When I was asked to make an enameled Menorah last summer, I agreed to try. The only ones I had ever seen were branched candlesticks and I knew I couldn’t do that. So, I surfed the web and was amazed at the hundreds of different Menorahs that appeared…anything goes! Some for children had cartoon characters, some had little chairs, each holding a candle, or nine little houses; made of metal, clay, glass, stone, wood, or even plastic. The only enamels were decorations on the base of the many branched ones.

enameled menorah

My client said they would love anything I would make. This was to be a gift for their daughter’s Bat Mitzvah. Inquiring about her favorite things, I heard she loves animals, cats, rabbits, birds, sailboats, flowers, stars…as for color, their choice was definitely blue. They owned a plate of mine enameled with transparent blue with silver foil inlay, and decided that would be perfect for the Menorah. Also, it shouldn’t be very big (good news!)

I made lots of drawings and some paper patterns, then consulted a young friend of mine who works with copper, making kitchen equipment such as range hoods, but he didn’t have time to fabricate the pieces I had designed. They needed to be cut, bent and soldered, which I wasn’t able to do. So, back to the drawing board. After experimenting with stiff paper, I worked out a way to make the pieces curve so it would stand upright and hold the weight of the candles. I used two pieces of 5″ x 7″ 26 gauge copper, which after annealing was easily rolled over a coffee can to get the right curve. First I had sawed out the design and rolled the small strips which would hold candles. I cut out a separate piece for the figure which would hold the ninth candle, figuring that the other two sections could be used at other occasions than Hannukah.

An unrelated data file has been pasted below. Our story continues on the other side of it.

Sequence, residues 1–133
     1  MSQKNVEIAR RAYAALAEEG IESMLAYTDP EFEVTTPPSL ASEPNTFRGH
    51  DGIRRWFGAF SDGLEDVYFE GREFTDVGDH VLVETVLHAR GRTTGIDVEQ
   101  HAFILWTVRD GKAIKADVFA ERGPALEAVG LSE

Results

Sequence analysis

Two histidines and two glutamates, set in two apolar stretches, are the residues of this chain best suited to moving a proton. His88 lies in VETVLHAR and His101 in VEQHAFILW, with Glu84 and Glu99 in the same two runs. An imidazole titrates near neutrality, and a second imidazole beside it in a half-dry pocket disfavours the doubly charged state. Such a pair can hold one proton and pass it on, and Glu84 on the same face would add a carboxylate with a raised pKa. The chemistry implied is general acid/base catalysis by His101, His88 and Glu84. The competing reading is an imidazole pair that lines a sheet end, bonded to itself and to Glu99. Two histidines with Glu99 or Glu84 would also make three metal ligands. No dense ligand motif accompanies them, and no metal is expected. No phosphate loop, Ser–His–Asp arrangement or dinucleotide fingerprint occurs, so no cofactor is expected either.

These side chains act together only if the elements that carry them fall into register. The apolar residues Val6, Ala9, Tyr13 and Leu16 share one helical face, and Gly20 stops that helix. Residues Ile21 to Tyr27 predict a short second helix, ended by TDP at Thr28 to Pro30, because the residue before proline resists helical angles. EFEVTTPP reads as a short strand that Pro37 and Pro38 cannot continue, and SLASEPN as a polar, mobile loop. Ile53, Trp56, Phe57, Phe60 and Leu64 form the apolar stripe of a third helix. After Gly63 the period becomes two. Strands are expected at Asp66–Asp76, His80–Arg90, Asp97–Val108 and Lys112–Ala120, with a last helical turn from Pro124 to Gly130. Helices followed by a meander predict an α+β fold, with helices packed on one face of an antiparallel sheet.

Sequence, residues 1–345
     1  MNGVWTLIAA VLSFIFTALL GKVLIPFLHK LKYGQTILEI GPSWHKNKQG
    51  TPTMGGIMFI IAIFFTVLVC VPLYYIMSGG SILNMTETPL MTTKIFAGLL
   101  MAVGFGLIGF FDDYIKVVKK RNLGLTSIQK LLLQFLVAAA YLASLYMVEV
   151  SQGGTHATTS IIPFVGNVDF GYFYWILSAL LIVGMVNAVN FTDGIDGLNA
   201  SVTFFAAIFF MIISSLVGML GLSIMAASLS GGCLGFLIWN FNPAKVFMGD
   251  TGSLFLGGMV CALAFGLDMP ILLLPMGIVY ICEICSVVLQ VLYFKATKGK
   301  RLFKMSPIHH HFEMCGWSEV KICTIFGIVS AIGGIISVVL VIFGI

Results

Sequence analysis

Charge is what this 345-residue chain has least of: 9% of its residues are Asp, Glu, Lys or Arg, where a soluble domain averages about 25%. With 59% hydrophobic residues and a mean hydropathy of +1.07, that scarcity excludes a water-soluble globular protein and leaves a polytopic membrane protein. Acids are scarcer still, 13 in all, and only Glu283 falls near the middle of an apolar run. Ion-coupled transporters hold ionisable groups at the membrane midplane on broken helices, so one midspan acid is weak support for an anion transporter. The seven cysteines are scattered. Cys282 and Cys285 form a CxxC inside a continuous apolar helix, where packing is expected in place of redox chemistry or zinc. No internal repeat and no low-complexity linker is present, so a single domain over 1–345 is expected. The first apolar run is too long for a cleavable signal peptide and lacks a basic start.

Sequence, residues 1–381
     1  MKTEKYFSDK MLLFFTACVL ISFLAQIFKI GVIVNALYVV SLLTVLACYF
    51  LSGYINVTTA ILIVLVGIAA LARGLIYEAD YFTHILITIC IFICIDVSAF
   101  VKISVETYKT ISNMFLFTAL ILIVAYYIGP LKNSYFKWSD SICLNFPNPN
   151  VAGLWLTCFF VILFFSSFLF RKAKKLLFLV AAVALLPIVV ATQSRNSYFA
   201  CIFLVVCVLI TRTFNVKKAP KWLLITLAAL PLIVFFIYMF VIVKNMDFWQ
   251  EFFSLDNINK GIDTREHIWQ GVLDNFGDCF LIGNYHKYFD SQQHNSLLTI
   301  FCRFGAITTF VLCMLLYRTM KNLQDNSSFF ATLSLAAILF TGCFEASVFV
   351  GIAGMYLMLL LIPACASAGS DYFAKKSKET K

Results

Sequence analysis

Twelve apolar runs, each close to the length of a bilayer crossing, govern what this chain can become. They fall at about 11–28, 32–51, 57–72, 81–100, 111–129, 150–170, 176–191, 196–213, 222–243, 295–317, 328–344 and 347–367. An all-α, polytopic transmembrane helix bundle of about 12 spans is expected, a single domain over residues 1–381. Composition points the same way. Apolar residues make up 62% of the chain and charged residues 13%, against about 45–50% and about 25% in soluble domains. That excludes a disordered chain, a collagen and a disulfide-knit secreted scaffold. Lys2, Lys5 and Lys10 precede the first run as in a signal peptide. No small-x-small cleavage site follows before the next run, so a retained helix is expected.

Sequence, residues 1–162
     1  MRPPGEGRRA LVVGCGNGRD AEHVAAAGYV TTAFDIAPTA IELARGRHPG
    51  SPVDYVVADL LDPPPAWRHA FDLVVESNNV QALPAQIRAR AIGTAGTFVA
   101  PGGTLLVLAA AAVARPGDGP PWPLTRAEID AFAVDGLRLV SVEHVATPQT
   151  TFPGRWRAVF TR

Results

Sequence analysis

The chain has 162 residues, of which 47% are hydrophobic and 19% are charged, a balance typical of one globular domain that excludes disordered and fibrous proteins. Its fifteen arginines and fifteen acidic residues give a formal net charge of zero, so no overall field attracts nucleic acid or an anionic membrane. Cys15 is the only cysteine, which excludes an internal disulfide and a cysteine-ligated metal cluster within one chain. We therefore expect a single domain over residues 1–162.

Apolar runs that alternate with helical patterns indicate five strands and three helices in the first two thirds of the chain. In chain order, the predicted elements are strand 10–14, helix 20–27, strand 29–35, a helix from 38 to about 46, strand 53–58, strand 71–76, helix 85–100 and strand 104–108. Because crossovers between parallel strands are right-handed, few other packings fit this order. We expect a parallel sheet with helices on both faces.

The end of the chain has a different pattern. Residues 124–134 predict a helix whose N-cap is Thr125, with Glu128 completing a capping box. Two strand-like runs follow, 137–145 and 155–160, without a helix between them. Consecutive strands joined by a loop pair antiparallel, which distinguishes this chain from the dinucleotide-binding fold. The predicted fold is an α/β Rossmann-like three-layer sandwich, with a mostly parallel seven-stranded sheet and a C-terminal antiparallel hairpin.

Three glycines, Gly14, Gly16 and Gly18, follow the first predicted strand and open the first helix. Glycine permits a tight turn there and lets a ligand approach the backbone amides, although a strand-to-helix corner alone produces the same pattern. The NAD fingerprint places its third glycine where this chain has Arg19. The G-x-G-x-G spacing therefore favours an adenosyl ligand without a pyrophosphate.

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Because I was using my favorite small kiln whose interior space was 8″ wide by 5-1/4″ deep by 5″ tall, there wasn’t room for a special trivet. The first firing with only one side coated could be done with the outer curve down…after that, every firing had to be done with the outer curve up, on the 4″ x 6″ mesh trivet. I won’t go into detail about all the problems, but I ruined two sets before achieving the ones I was satisfied with.

Later, I learned that Hannukah candles aren’t always the same size. And, that forcing a slightly larger one into the ring made the enamel crack, even fall off. Now someone else wants a Menorah of the same design but different colors, so I have to figure out how to make rings or cups that will hold candles of slightly varying thickness. Any ideas?